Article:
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Yesterday (April 25), Garrett Fredley – a senior build engineer at PlayStation – posted on LinkedIn that today was “my first day as a senior build engineer for PlayStation, working as one of their initial hires for the newly created preservation team!”
While the post has since been deleted (though Fredley also announced the news on Twitter), it originally shared the following:
“Game preservation was my first career passion. It was my first foray into the world of software engineering / dev ops, and into a world that so many are unaware of. I was just a novice back then, contributing any way I could regardless of my inexperience. Now, I’m back to it, no longer the novice I once was.
“Let’s go and ensure our industry’s history isn’t forgotten,” ends Fredley’s post.
Fredley also thanked Mike Bishop – global quality assurance (QA) manager at PlayStation – for bringing him onto the team. While nothing’s confirmed, Bishop’s role in QA suggests that Sony may be working on ways to make older PlayStation games functional and playable on newer consoles, without running into issues with performance or quality.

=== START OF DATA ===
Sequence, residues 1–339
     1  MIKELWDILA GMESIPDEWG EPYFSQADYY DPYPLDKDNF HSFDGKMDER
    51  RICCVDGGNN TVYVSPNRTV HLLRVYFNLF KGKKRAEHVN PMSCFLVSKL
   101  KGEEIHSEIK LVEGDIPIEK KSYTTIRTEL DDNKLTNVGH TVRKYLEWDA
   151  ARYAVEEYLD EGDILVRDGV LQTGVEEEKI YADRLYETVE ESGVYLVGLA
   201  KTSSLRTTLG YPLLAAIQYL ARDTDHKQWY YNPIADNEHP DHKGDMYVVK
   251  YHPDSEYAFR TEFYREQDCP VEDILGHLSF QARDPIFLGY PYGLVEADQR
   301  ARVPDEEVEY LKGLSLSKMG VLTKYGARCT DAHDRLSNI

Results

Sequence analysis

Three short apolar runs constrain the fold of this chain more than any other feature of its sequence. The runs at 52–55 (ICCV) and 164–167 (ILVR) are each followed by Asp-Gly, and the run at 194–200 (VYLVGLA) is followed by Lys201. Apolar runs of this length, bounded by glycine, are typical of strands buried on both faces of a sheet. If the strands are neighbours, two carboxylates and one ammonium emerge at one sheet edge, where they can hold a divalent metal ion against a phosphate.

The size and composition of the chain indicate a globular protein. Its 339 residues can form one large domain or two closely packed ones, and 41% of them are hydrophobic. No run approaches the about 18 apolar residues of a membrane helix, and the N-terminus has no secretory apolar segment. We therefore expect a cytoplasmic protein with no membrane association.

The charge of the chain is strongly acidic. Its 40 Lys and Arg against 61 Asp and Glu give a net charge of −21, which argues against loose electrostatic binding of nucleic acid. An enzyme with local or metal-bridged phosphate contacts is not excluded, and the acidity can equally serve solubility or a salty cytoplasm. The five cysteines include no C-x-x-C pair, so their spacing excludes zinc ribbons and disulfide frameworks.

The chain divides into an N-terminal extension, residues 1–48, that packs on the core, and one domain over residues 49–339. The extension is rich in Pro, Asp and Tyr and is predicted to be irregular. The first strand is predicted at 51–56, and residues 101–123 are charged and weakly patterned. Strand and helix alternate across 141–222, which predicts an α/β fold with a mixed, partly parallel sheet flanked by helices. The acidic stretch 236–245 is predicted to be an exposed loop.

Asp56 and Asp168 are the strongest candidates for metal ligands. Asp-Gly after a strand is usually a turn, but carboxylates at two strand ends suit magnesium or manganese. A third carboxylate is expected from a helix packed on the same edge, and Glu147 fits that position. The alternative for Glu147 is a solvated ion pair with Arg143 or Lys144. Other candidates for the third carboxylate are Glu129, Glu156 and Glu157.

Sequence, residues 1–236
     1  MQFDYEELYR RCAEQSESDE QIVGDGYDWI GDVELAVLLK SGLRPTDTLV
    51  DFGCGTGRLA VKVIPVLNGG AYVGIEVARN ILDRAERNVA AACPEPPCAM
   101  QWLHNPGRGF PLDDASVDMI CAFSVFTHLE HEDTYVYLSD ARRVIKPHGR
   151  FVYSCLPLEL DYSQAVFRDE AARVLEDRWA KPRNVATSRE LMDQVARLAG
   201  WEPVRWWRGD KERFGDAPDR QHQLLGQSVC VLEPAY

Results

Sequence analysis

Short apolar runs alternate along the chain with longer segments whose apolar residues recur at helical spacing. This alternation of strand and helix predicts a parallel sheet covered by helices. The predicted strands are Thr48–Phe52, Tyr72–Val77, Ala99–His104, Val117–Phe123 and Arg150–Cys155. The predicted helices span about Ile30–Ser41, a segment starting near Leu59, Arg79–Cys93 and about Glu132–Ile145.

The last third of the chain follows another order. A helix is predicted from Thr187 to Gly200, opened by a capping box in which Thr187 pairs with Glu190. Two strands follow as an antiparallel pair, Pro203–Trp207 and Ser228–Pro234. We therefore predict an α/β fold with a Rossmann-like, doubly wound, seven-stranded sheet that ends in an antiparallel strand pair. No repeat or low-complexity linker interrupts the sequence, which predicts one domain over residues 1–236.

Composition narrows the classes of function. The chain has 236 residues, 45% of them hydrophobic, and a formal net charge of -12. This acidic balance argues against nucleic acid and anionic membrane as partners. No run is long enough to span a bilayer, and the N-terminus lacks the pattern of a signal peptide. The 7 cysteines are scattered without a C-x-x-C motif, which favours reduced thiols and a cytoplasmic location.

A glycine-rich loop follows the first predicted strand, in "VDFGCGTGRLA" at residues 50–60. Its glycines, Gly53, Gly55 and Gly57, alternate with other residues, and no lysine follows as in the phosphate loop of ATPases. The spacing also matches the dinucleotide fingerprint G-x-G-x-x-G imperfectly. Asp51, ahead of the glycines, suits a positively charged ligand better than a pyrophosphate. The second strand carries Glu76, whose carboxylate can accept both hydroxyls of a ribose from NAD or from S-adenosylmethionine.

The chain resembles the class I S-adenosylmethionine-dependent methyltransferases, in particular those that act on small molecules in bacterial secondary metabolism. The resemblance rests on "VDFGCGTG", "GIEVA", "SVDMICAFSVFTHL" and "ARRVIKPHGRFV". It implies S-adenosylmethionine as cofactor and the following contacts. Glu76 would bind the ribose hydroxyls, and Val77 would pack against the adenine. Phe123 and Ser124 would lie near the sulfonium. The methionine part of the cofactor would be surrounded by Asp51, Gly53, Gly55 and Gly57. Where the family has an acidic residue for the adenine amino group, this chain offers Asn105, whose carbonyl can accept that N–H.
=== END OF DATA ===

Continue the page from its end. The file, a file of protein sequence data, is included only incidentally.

This can be easier said than done – when Nintendo launched its Nintendo 64 emulator on the Nintendo Switch, games like Ocarina Of Time and Mario Kart 64 launched with a variety of visual and performance bugs.
Sony recently announced a rebrand for PlayStation Plus, with a library featuring over 700 games. Many of these titles were originally launched on PS1, PS2 and PSP – so it’s possible that Sony will focus any preservation efforts toward expanding this library.
The topic of video game preservation has been frequently raised by the games industry over the last year. Back in November 2021, Xbox boss Phil Spencer called for “legal emulation” to push preservation, stating that letting fans “buy any game, or own any game” is a “great North Star for us as an industry”.
In other gaming news, a Gran Turismo 7 update has added three new cars and an extra track layout.